For anyone unfamiliar with the case, Cory Maye was sentenced to death in Mississippi after fatally shooting a police officer who he mistook for a burglar. Maye lived alone with his infant daughter and had no criminal record. The raid appears to have been a mistake, but Maye’s apparent attempt to defend his home and daughter led to a murder conviction and a now-vacated death sentence.

Balko’s article in Reason Magazine provides an in-depth look at the case, which I’d argue is one of the most compelling stories of injustice yet to emerge from our disastrous war on drugs.

Read the article
, then check out Balko’s blog The Agitator for on-going coverage of Maye’s appeal. There's a lot happening with the case over the next couple weeks , so this is a great time to get caught up.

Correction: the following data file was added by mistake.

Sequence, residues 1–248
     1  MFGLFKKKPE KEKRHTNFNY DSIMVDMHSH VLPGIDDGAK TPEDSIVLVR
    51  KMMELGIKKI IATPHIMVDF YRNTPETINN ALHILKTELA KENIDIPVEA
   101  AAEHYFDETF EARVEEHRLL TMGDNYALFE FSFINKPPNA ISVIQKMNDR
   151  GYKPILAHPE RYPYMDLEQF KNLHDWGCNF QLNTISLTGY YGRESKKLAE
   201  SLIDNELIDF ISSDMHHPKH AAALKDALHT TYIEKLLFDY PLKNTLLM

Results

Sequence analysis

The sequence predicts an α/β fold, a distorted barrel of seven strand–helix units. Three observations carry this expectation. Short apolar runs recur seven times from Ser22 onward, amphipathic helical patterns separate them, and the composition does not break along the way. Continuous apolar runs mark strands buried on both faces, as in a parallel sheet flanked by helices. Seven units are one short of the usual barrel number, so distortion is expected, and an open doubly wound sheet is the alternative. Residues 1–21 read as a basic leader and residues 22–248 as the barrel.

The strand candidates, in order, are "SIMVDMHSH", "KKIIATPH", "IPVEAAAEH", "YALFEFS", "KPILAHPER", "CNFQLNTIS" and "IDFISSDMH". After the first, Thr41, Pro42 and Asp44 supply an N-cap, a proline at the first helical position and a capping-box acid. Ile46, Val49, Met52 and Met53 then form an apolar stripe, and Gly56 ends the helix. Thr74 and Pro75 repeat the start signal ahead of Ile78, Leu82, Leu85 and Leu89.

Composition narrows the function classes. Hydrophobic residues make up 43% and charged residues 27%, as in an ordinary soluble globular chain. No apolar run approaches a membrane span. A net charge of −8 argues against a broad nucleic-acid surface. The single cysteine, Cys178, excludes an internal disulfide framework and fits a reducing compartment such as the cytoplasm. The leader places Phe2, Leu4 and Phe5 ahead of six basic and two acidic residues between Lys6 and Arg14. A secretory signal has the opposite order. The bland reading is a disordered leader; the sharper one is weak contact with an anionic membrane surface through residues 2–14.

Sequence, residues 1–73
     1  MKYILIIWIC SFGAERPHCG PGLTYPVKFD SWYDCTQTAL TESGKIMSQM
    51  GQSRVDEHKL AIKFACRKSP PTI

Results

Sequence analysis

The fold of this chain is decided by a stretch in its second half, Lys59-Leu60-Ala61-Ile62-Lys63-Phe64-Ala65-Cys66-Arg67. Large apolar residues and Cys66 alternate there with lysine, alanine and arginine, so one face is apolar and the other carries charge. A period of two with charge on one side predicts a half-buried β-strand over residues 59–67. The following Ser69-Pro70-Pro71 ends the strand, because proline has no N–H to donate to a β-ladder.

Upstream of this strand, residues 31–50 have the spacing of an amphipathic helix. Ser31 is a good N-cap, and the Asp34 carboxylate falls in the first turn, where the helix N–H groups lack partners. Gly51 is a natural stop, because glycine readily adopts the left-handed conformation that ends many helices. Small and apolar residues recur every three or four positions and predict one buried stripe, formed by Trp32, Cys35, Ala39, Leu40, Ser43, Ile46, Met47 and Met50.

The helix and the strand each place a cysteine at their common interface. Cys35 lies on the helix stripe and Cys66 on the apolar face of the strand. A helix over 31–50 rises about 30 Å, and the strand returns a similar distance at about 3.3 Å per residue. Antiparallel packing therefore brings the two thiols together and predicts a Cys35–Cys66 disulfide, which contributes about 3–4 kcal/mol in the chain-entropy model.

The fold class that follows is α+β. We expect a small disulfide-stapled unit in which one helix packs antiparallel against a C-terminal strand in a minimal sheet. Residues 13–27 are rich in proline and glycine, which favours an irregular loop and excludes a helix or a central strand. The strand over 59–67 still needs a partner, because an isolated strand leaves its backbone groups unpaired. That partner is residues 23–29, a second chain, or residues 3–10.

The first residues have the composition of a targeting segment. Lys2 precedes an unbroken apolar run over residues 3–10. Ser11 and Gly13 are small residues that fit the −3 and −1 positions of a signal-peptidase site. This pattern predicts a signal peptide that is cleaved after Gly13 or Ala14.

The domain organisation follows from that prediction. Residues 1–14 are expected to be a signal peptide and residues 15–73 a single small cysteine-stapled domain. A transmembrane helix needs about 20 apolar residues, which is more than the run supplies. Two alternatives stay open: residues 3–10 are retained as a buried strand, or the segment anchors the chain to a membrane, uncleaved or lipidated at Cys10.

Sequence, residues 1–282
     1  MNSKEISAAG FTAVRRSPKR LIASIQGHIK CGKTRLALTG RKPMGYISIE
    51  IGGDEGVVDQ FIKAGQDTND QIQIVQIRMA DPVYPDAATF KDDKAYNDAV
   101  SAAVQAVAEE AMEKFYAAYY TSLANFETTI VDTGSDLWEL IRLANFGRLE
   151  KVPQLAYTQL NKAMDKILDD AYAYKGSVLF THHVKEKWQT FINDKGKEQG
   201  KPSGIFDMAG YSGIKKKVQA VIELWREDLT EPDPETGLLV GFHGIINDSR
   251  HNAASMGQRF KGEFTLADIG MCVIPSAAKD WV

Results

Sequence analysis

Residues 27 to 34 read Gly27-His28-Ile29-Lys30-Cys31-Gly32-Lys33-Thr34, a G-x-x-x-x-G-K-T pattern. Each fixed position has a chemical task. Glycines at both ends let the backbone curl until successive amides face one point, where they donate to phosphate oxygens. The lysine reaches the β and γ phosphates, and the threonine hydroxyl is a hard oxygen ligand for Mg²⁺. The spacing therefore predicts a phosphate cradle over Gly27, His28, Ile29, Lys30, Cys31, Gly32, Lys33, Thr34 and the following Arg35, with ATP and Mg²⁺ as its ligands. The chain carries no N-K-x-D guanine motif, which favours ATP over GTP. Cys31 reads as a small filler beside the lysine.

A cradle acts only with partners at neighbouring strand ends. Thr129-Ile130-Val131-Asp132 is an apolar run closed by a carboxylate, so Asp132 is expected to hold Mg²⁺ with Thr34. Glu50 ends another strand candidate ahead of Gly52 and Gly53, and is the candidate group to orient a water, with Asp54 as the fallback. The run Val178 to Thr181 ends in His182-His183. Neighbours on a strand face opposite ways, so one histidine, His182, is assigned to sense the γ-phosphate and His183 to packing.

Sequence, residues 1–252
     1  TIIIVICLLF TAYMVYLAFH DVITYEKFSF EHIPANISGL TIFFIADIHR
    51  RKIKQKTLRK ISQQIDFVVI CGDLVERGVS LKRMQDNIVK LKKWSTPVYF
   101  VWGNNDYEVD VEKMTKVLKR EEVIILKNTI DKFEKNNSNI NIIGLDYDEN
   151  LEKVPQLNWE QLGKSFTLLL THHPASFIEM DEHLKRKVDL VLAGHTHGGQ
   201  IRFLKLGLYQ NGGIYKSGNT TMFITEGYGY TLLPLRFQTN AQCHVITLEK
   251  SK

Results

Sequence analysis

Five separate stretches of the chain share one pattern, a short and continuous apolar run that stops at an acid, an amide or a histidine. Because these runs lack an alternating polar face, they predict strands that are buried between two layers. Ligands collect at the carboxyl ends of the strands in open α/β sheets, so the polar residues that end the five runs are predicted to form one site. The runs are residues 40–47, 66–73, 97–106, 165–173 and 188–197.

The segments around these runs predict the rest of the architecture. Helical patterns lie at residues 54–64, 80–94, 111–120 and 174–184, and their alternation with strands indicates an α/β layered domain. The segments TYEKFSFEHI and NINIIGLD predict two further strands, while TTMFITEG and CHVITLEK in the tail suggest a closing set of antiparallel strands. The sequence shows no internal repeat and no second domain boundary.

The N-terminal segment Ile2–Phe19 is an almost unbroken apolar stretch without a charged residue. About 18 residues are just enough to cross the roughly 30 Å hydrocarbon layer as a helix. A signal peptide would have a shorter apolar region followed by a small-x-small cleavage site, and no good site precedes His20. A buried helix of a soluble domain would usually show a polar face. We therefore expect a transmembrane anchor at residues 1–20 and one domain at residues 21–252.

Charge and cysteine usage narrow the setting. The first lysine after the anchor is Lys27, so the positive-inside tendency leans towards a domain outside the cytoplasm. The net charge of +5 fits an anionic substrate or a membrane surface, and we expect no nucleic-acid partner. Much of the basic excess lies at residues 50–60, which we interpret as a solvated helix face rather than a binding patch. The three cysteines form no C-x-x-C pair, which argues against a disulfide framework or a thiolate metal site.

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United States

Hilarious Video: The Hazards of Covering the Drug Beat

Now, I don't know if this is real or not, but it is quite amusing. The video clip shows a British journalist attempting to file his report from the scene of a massive drug burn. He has some problems. This has been floating around for awhile, but I think it's worth posting here. Enjoy. WARNING: This link goes to a web site that features naked or semi-naked people. If you are offended (or easily distracted) by such images, you might not want to go there. Sorry about that; it was the only link I could find. NOTE: When I go to the link, the page appears blank at first even though you hear the sound. Wait a few seconds for the page to load completely, then scroll down a bit to get to the video screen.
Location: 
Colombia